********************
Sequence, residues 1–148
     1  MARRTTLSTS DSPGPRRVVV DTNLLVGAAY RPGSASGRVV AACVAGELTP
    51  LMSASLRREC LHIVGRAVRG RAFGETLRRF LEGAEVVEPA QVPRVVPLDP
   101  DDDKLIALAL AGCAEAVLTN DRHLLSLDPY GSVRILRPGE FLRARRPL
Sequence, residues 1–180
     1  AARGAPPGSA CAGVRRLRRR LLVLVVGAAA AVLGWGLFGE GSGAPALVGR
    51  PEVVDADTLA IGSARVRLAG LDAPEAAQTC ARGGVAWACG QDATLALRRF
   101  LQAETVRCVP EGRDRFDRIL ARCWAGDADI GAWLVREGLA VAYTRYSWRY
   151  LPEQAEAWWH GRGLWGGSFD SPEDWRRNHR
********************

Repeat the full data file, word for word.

Sequence, residues 1–148
     1  MARRTTLSTS DSPGPRRVVV DTNLLVGAAY RPGSASGRVV AACVAGELTP
    51  LMSASLRREC LHIVGRAVRG RAFGETLRRF LEGAEVVEPA QVPRVVPLDP
   101  DDDKLIALAL AGCAEAVLTN DRHLLSLDPY GSVRILRPGE FLRARRPL
Sequence, residues 1–180
     1  AARGAPPGSA CAGVRRLRRR LLVLVVGAAA AVLGWGLFGE GSGAPALVGR
    51  PEVVDADTLA IGSARVRLAG LDAPEAAQTC ARGGVAWACG QDATLALRRF
   101  LQAETVRCVP EGRDRFDRIL ARCWAGDADI GAWLVREGLA VAYTRYSWRY
   151  LPEQAEAWWH GRGLWGGSFD SPEDWRRNHR